Russian President Vladimir Putin. (Alexander Zemlianichenko/AP)

Robby Mook, the manager of Hillary Clinton's campaign, made a remarkable claim during an appearance on CNN's "State of the Union" on Sunday. Mook and host Jake Tapper were discussing the leak of Democratic National Committee emails.

"What's disturbing to us is that experts are telling us that Russian state actors broke into the [DNC], stole these emails," Mook said. "And other experts are now saying that the Russians are releasing these emails for the purpose of actually helping Donald Trump. I don't think it's coincidental that these emails were released on the eve of our convention here. That's disturbing. I think we need to be concerned about that."

Mook went on to note other ways in which Trump seems to be unusually sympathetic to Russia or Russian President Vladimir Putin, saying, "When you put all this together, it's a disturbing picture. I think voters need to reflect on that."

This is part of an emerging thread in the political conversation: Putin is exerting what influence he has available to help Trump's bid for the presidency. It's overlaid with another thread: that Trump is doing things that demonstrate an unusual willingness to acquiesce to Russian interests. Those are separate ideas, for which advocates point to different evidence — and the evidence provided for each varies in credibility.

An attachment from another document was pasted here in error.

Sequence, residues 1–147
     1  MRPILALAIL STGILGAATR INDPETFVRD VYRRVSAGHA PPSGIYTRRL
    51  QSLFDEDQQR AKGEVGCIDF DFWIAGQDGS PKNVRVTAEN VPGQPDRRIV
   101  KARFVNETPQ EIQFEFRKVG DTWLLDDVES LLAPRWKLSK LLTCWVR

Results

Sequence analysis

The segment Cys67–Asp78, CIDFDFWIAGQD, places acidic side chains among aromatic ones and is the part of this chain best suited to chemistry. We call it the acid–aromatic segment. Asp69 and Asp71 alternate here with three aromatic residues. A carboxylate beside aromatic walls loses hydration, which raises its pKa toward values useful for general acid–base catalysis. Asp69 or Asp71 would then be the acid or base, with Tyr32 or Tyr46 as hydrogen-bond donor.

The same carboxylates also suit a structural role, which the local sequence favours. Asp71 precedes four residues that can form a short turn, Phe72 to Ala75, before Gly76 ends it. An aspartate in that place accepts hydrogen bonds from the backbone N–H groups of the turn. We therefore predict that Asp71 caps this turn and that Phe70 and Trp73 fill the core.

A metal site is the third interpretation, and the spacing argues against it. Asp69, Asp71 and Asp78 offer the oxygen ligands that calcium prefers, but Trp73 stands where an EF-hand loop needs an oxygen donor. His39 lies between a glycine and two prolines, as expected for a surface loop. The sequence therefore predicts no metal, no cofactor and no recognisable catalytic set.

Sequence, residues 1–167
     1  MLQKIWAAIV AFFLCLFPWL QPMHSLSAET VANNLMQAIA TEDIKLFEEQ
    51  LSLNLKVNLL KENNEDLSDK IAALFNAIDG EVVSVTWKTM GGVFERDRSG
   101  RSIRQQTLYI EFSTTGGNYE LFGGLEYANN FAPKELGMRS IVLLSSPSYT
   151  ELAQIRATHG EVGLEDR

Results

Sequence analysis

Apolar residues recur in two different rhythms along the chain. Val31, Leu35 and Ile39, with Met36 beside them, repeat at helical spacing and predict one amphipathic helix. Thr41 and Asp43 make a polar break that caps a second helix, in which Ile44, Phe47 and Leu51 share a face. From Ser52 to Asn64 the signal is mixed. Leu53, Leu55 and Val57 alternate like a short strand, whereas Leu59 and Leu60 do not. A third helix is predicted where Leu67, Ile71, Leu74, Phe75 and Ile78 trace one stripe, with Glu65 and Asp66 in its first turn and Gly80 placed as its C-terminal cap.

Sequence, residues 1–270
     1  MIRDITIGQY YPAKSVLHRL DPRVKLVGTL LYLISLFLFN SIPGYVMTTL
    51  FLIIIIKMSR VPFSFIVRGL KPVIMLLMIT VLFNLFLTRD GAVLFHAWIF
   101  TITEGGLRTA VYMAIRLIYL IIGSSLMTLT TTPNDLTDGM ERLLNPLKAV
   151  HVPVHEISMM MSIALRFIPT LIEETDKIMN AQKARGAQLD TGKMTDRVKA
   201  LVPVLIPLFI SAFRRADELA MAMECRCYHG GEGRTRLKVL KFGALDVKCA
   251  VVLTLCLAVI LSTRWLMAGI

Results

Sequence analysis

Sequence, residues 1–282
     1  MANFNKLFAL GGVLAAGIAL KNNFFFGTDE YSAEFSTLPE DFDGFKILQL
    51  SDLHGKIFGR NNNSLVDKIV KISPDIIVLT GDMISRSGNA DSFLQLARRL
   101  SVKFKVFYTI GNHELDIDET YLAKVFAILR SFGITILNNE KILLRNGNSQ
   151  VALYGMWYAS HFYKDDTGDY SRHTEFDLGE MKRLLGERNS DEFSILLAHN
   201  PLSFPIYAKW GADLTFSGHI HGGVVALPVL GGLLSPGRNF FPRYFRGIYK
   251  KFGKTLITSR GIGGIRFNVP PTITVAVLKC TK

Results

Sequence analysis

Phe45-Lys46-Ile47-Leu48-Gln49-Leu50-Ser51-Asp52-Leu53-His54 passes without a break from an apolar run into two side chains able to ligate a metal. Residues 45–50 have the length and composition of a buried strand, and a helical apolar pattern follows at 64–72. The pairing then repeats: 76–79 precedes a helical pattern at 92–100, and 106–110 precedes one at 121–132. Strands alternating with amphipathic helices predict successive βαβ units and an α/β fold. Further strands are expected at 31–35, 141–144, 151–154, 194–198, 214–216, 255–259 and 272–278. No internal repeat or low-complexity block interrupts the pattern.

Let's evaluate.

Are Putin and the Russians acting to support Trump's candidacy?

We'll start with the emails.

Last month, The Post reported that the breach of the DNC was linked to Russian state actors. A firm hired by the DNC to track intrusions, CloudStrike, "identified two separate hacker groups, both working for the Russian government, that had infiltrated the network." The company had analyzed other infiltrations from the groups over the past several years. (Ties to Russian hackers have since been corroborated.) Once inside the DNC, one group looked at email and chat over a long period; another targeted opposition files on Trump.